Around the House


February 2021

Supporting Lawful Gun Owners

The Indiana House of Representatives recently passed House Bill 1369, which would allow law-abiding Hoosier adults to carry a firearm without having to get a government-issued license.

Currently, Hoosiers must complete numerous steps within 180 days after first applying for a carry permit, including:

  • Completing a firearm license application online;
  • Scheduling an appointment to get their fingerprints taken; and
  • Completing local law enforcement agency processing.

It is only after these steps are taken that the Indiana State Police do a final review and either issue or deny a permit to the individual.

Under the bill, the process to legally purchase a handgun would not change. Individuals must still complete the Bureau of Alcohol, Tobacco, Firearms and Explosives form. They also have to be approved by the National Instant Criminal Background Check System to ensure that only eligible buyers will legally purchase handguns.

Reciprocity permits, including 5-year and lifetime permits, provide Hoosiers the ability to carry in 31 other states, and would still be available under this bill. Under the proposal, the lifetime license fee would drop from $125 to $75 and the 5-year permit would remain free.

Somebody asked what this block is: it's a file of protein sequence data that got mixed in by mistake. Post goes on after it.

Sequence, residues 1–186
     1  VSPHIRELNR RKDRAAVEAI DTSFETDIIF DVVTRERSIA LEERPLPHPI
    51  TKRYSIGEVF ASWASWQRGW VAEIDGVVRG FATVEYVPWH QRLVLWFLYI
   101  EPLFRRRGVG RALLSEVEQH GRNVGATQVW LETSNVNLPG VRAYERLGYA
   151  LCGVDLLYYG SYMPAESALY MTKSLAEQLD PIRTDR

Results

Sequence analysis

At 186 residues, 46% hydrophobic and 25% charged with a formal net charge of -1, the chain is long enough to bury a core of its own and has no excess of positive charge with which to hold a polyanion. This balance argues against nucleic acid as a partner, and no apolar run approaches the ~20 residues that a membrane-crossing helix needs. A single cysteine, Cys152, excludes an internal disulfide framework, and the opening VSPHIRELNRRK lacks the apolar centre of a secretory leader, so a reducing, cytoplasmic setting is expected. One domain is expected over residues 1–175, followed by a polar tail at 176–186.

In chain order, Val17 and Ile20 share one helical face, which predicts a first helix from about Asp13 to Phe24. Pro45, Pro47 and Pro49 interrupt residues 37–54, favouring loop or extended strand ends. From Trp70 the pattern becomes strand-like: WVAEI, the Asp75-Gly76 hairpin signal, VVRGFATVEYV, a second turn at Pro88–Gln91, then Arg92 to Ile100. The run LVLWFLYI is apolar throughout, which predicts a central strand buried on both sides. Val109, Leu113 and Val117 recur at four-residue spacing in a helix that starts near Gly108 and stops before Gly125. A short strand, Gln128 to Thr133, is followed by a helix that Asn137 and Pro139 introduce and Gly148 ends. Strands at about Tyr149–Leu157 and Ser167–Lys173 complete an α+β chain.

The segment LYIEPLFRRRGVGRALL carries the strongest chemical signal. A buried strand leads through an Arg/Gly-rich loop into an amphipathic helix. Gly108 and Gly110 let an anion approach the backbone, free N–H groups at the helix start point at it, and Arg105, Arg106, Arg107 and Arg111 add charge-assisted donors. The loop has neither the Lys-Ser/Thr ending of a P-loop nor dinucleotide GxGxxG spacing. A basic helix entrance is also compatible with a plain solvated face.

Funds collected from Indiana’s handgun permits help support local law enforcement firearms training, ammunition, body armor and other expenses. However, any loss in department funding as a result of this bill would be restored through a new appropriation in the state budget. Departments would also continue collecting funds from reciprocity permits.

If passed, Indiana could become the 19th state to allow lawful carry.

House Bill 1369 now moves to the Senate for further consideration. For more information, visit

Helping Hoosier Students Get Ahead

Last year brought sudden changes for everyone, and as many professionals transitioned to remote working because of COVID-19, so did Hoosier students. For some, this was not an easy adjustment. While necessary steps were taken to keep our children and educators safe, schoolwork became difficult as students switched between e-learning and classroom environments.

A recent study completed by Stanford’s Center for Research on Education Outcomes showed the average Hoosier student lost 129 days of reading knowledge and 209 days of math knowledge, as a result of COVID-19 disruptions. There is no doubt schools are going to need extra assistance to help students get back on track.

House Bill 1008 would establish the Student Learning Recovery Grant Program to help students experiencing learning loss due to the pandemic. This proposal would create a $150 million grant program to provide individuals or organizations resources to help students this summer who have fallen behind in class, scored below academic standards or are at risk of falling behind. By providing the tools necessary help close learning gaps, this grant program could provide additional support for students on their journey to get the most out of their education.